Keep Shelly in Athens: Bringing it All Back Home | Under The Radar Magazine Under the Radar | Music Blog for the Indie Music Magazine
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Keep Shelly in Athens

Bringing it All Back Home

Sep 16, 2013 Keep Shelly in Athens Bookmark and Share


“I’m a drama queen,” says Keep Shelly in Athens vocalist Sarah P. “I hail from Greece, the country that gave birth to tragedy. It runs in my veins. I’m trying not to give a hard time to other people. I’m trying my best!”

It’s a joke, one punctured by fits of nervous laughter. But given the Greek singer’s recent musical output, it’s hard not to see a grain of truth in the statement—even if it is delivered with soft-spoken charm. After three years’ worth of twelve-inches and EPs, Sarah and enigmatically named producer RΠЯ recently released their first full-length under the Keep Shelly in Athens name. Recorded in their home studio in Athens, Greece, At Home is hazy mix of electronic dreamscapes and abrasive early ’90s trip-hop production, Sarah playing the role of both the breathy ingénue and bitter goddess.

“It’s not always butterflies,” Sarah says, mulling over the release’s melancholy-laced tone. “Although I love butterflies. It’s okay to feel some rage at some point. It’s fine, it’s natural. It happens to everyone. I have embraced that side too.”

For Sarah, making At Home meant delving deeply into those conflicting emotions. The band started writing the release in early 2011 after extensively touring the United States and Europe for two months. Although she enjoyed her time abroad, she also admits it was a lonely period which took some adjusting to. She points to “Room 14 (I’m Fine)” as the most acute example of her homesickness.

“That’s about me, talking to my closest beloved ones when I’m away from home,” she recalls. “Everything is fine. But it’s those moments where you’re trying to tell your beloved ones that you’re totally fine and things are under control, even though it’s not. There’s a moment when you’re crying, but you don’t want to sound pathetic.”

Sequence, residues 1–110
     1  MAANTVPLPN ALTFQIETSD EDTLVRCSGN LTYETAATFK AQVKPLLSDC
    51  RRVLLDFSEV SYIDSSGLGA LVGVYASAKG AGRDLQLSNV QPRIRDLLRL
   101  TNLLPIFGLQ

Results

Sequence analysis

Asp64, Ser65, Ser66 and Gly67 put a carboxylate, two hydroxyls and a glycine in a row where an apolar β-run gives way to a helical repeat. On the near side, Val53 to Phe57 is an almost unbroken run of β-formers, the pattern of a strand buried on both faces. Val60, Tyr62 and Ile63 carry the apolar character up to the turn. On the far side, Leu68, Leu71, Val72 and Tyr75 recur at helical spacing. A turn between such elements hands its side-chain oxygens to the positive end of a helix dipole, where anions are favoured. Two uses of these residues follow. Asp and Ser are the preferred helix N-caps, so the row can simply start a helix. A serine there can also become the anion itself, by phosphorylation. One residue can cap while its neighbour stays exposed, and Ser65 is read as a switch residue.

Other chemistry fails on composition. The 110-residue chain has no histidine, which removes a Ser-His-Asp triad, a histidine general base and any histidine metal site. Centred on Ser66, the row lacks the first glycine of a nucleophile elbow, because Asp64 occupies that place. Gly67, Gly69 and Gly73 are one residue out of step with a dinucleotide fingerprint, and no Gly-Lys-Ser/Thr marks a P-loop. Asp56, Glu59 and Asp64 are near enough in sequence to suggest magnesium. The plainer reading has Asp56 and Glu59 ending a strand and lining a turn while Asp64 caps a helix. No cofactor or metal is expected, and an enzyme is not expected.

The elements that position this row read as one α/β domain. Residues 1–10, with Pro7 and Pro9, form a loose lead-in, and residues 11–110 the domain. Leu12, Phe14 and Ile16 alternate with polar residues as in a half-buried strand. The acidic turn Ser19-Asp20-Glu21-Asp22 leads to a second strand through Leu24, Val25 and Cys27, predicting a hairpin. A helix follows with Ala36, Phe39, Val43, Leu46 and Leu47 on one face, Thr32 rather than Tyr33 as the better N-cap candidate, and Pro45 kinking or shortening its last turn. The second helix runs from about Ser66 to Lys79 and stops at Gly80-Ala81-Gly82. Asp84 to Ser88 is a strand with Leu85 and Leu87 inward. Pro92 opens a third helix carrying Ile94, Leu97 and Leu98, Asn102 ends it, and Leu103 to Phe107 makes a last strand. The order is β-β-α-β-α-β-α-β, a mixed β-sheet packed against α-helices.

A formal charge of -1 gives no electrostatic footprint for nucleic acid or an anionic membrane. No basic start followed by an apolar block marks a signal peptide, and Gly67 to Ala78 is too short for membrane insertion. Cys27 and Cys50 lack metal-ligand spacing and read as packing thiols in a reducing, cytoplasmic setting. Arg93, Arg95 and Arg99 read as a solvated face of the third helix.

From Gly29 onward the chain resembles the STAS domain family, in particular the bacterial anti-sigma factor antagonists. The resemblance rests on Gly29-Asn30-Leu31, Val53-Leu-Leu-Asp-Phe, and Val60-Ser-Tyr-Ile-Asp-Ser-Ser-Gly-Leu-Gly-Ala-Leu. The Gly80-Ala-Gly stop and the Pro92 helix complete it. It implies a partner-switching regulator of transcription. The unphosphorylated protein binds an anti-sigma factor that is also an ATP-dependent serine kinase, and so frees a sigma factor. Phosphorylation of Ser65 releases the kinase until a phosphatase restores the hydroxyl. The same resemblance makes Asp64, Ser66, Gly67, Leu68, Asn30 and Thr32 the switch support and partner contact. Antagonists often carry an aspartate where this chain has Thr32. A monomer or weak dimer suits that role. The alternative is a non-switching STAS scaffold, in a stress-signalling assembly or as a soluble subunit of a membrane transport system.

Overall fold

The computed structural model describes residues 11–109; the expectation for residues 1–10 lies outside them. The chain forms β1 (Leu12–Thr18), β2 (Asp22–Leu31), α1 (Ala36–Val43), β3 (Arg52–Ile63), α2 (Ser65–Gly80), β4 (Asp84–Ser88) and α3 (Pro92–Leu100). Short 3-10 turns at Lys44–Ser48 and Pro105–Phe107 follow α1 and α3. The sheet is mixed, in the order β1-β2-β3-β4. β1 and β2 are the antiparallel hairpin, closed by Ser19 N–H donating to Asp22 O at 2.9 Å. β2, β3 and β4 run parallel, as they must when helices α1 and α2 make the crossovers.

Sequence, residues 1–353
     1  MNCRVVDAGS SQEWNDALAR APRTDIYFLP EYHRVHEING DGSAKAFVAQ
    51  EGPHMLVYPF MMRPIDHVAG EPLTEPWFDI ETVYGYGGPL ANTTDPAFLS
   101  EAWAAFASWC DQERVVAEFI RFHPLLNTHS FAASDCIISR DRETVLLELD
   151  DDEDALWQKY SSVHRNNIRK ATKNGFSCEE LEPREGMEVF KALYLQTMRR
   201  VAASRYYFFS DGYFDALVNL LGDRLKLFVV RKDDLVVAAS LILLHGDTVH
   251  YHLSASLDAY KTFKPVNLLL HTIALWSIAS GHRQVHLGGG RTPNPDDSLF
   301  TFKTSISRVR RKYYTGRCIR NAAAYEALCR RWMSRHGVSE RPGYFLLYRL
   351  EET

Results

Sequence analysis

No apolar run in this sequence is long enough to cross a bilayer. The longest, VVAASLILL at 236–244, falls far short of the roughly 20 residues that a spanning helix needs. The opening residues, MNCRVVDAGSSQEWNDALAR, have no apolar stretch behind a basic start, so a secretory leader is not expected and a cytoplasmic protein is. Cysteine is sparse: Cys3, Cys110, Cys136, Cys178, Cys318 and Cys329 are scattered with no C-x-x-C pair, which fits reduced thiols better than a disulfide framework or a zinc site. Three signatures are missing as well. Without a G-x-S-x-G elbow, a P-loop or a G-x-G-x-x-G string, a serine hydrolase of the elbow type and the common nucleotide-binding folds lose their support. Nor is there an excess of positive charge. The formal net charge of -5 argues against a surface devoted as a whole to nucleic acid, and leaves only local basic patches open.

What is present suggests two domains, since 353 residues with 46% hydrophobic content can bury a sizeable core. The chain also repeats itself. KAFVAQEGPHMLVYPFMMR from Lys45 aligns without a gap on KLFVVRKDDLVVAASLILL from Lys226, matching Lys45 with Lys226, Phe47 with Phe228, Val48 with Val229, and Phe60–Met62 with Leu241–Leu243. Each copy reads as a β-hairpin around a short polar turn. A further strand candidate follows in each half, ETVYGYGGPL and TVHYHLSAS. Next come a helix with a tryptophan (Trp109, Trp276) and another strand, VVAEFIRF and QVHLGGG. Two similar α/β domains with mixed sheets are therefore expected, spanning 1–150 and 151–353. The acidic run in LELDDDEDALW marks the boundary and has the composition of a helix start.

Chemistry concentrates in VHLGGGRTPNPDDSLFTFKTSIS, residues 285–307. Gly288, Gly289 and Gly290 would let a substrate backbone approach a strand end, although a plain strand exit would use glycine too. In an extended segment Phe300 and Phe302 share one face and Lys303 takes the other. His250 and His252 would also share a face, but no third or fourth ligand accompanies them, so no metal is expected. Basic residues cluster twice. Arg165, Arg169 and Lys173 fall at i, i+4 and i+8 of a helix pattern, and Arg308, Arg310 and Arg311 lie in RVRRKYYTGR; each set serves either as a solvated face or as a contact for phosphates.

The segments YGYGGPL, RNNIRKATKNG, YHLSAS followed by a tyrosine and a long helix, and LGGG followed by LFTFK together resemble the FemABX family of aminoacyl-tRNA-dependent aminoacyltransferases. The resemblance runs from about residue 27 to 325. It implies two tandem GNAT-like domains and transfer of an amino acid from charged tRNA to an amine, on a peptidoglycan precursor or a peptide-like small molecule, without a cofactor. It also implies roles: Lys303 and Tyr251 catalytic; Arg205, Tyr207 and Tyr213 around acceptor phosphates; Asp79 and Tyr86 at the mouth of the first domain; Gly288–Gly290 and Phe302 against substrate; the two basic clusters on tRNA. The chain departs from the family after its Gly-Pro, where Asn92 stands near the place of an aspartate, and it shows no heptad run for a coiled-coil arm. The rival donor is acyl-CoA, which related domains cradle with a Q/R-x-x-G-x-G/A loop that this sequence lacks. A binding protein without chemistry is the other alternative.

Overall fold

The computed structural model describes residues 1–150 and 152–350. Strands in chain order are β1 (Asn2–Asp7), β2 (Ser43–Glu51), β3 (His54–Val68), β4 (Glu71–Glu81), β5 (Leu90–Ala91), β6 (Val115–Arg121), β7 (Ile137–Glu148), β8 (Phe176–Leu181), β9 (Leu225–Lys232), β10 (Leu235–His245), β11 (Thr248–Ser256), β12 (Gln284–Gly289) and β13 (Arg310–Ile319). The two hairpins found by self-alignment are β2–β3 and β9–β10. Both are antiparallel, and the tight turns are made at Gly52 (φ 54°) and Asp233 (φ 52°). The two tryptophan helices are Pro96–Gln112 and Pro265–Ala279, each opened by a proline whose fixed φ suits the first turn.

Back in Athens, the pair worked on the album for over a year. Buffeted by a series of personal crises, Sarah says she can now look back at the lyrics of At Home as a personal diary of sorts, documenting the moment in her life when she finally grew up.

“You don’t grow up when you get to your eighteenth birthday,” she muses. “For some people it happens at sixteen. For other people it happens at twenty-three. That’s when it happened to me. This album, it started from somewhere, and it ends back at the start. Maybe our faces and places have changed through that journey. But it felt like a circle. I can remember every moment that I got down to write every single song. It is full of memories. Maybe some of those memories belong to the past. It’s not something that I feel is really close to me right now. I’ve been there, but I’m not at that state of mind right now.”

Preparing for another tour, Sarah says that this time, she’s actually excited to leave home. To ease the transition, she’s bringing along a few good luck charms. She toys with her jewelry; two moonstone rings that represent a link to her loved ones.

“This time, I’m going to be totally open to new experiences,” she says. “I wear all the time my lucky rings. A really good family friend gave it to me and told me that it might change my luck. It did, I think.”

Although, for all her excitement at what the future may hold, Sarah can also vividly picture what her homecoming might look like.

“Chatting with my mother,” she says, setting the scene. “Having a nice meal with her homemade food, and then just chatting about everything and anything that happened. And then I get to bed. I’m so tired. It feels like home, after it all.”



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